3) They are easy to navigate and read. People don’t have the time to read bylaws back to front to collect all the relevant rules for a particular decision. On the spot in a meeting, you must be able to know exactly where to look for all the relevant rules and be able to scan them quickly for the right information. Recommendation: Organize the sections of your bylaws according to how they’ll be used, e.g. AGM, Directors Meetings, etc. Use generous margins and lots of space between sections that express different ideas and topics. Have a table of contents.

4) They are written clearly and efficiently. If you can’t understand your bylaws then you can’t use them. It’s that simple. Recommendation: Make a special effort to write your bylaws in plain language.

5) They are designed for the beginner. Your bylaws need to be used by your most junior board members, who may have no previous experience with this kind of document and may represent a vulnerable community. In fact, ideally your members should be able to understand your bylaws to hold you to account. Recommendation: When writing the bylaws, ask yourself “could an average member easily use these bylaws to hold our board to account?”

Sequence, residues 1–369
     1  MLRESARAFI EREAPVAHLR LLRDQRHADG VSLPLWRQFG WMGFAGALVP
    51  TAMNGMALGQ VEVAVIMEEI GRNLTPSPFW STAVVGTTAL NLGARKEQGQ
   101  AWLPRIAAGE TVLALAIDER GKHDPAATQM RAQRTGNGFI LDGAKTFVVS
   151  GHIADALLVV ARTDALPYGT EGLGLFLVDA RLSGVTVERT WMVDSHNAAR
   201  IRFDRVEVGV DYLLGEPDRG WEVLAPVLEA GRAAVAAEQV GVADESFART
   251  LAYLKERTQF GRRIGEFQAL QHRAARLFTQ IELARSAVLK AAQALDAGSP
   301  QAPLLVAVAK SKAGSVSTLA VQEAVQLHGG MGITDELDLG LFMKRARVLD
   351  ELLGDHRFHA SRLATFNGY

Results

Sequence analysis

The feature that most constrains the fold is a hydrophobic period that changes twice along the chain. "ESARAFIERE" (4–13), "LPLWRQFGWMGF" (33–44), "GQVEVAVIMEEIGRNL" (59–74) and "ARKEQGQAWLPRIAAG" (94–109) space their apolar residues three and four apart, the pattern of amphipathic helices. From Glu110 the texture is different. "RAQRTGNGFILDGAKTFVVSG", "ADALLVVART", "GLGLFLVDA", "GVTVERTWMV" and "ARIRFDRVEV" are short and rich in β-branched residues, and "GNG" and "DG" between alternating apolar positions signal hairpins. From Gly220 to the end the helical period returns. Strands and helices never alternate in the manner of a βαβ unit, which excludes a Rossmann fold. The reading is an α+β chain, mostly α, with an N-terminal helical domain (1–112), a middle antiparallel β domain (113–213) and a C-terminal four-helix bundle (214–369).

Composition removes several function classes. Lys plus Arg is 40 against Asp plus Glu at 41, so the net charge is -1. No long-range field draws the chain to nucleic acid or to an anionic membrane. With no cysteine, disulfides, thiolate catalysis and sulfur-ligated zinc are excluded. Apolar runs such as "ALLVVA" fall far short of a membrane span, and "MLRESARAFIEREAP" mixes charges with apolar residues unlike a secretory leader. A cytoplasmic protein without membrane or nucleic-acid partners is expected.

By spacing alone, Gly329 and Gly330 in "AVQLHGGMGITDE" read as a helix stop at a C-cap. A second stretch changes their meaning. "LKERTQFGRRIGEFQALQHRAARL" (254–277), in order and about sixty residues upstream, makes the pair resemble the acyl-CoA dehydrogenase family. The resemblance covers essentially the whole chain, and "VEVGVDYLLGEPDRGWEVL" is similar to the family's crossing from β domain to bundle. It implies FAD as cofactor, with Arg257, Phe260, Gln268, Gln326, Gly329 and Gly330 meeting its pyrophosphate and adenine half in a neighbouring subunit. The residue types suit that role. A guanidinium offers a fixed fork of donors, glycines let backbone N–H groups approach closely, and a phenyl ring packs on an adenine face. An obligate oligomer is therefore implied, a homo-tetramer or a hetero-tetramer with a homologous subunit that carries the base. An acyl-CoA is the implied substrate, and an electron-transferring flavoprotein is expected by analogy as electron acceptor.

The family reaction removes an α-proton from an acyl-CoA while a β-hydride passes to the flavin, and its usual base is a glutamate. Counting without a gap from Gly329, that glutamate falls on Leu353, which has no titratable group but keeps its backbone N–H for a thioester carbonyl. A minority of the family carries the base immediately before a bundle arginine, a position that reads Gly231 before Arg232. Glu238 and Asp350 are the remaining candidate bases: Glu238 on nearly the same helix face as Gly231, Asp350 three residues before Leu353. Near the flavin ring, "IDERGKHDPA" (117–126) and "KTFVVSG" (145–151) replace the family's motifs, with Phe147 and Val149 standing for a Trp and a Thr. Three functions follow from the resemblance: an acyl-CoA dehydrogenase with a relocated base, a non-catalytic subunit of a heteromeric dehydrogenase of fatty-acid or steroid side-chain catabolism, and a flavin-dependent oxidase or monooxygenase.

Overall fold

Finally, remember that your bylaws also need to be legally compliant. Consult with an appropriate legal advisor to make sure your bylaws are not only useful but legal too.

*This list is based on The Drafting of Corporate Charters and Bylaws (2nd ed.) by Kurt Friedrich Pantzer. (1968).

Author:  Michael Kogutek, Executive Coaches of Orange County, www.ECofOC.org

“One Minute Mentoring” Book Review

Michael Kogutek, nonprofit management coach

Michael Kogutek

 

“One Minute Mentoring” Ken Blanchard & Claire Diaz-Ortiz, Harper Collins (2017)

This small and simple book packs a punch. Ken Blanchard, author of the best-selling “One Minute Manager”, and Claire Diaz-Oritz bring much wisdom to the table for managers and prospective mentors to take in. This book is for both mentors and mentees. Mentoring has been around for a long time but only recently surfaced as a leadership development tool in the business world. This book informs prospective mentors how to, including a systematic format. Blanchard talks about ways to keep the mentoring on track and focused. He explains what an initial meeting looks like for a mentor and mentee, “A successful first meeting with a potential mentor or mentee puts the personal before the tactical. The essence supersedes the form. Do your values match?? Do your personalities click?? Does the conversation flow??” The authors conclude with a discussion of comparing and contrasting the differences between coaching and mentoring. I recommend this book as a primer on mentoring and how it can be a game changer for all of us.